This is Tralee Gaol, an Irish polka that I know from playing for ceilidhs. It goes by many names and seems to be pretty widespread in Ireland and also across various parts of the world!
Here’s the video:
And the dots are here, with a PDF also available:
This is Mount Hills, from the Playford collection.
Here’s the video of the tune played slowly:
And then the tune played at speed, in the higher and lower registers:
Here are the dots, with the chords from memory so apologies if they aren’t what we had on the day, I will change them if necessary! The PDF is available here.
Here is the tune ‘The Mallard no 2’. It’s in Dave Townsend’s English Dance Tunes book but I can’t find it anywhere else – there are other tunes and songs that share the title but none with the same melody.
The PDF can be found here. Fiddle players might want to try double stopping with the open G string in the first two bars, then the D string in the next bar before going back to the G string for bars five and six. In the second section, you can double stop with the open G string for the first three bars.
This is a fantastic tune by banjo player Colin Cotter.
Here are the dots for the tune:
Click for the tune in PDF form, and here is a version with the A part harmony and B part variation.
Lastly, here’s a video with a suggested chord rhythm.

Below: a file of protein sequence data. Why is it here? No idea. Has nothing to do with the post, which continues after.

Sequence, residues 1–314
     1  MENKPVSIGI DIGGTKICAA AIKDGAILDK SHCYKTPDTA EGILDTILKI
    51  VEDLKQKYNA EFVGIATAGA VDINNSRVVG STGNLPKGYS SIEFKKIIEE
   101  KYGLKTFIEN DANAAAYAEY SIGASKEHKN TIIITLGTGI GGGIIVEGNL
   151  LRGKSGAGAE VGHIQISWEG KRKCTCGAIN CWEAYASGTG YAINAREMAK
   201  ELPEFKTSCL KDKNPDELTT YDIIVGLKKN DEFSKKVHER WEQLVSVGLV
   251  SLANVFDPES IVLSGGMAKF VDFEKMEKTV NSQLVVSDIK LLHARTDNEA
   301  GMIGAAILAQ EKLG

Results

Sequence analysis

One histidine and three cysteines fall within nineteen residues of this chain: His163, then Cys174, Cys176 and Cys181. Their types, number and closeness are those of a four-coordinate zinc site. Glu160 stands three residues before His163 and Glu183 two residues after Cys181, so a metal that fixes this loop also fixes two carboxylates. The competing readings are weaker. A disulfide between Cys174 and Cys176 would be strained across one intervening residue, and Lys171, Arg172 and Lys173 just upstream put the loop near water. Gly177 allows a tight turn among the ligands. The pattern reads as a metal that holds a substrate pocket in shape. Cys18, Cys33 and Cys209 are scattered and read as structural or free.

Here’s a fab tune from the Playford collection. Mary D has done some research and says: “Jack o’ Lent was a tradition in England in the 15th, 16th and 17th centuries involving the abuse and burning of a straw effigy during the season of Lent, ending with its burning on Palm Sunday. The effigy, made of straw or stuffed clothes, was abused and stoned on Ash Wednesday while being dragged about the parish.”
Here are the dots in PDF form.
Here are the chord sequences, with an added bonus 4th version, by way of an apology for the late post!
Here are the arrangements for the May 27th concert at Gunnersbury Park. We’re playing 2:00 – 4:00 (with an interval), and I’m hoping we can get in before that to have a rehearse and to settle into the space. We will do a concert spot of our arrangements and a ceilidh spot playing for some dances that I’ll call (I’ll put list up later in the week, though it’ll all be things we did at the Ealing Folk Dance Club). We may also be joined by a local Morris team, though I need to finalise the details with my contact as Gunnersbury and with the team themselves.
There are full details on the Gunnersbury House page here, including the address and transport links, and details on how to reserve tickets: http://www.visitgunnersbury.org/west-london-folk-band-summer-concert-2/. Spread the word – tickets are free but you can book, just in case we get inundated!
Here are the videos for Monday’s Morris Medley, The Lollipop Man first:
… and Shepherd’s Hey here:
And the dots for each are below, with a PDF file here. We did a basic harmony for the beginning of Shepherd’s Hey, but other than that concentrated on emphasising the rhythm in particular bars (Bars 2, 4, 6 and 8 in Lollipop Man and bars 5 and 6 in Shepherd’s Hey).
As promised/threatened, here is a link to the recording of Lollipop Man from The Mother of All Morris album (not from the Morris On series as I misremembered), it’s NSFW: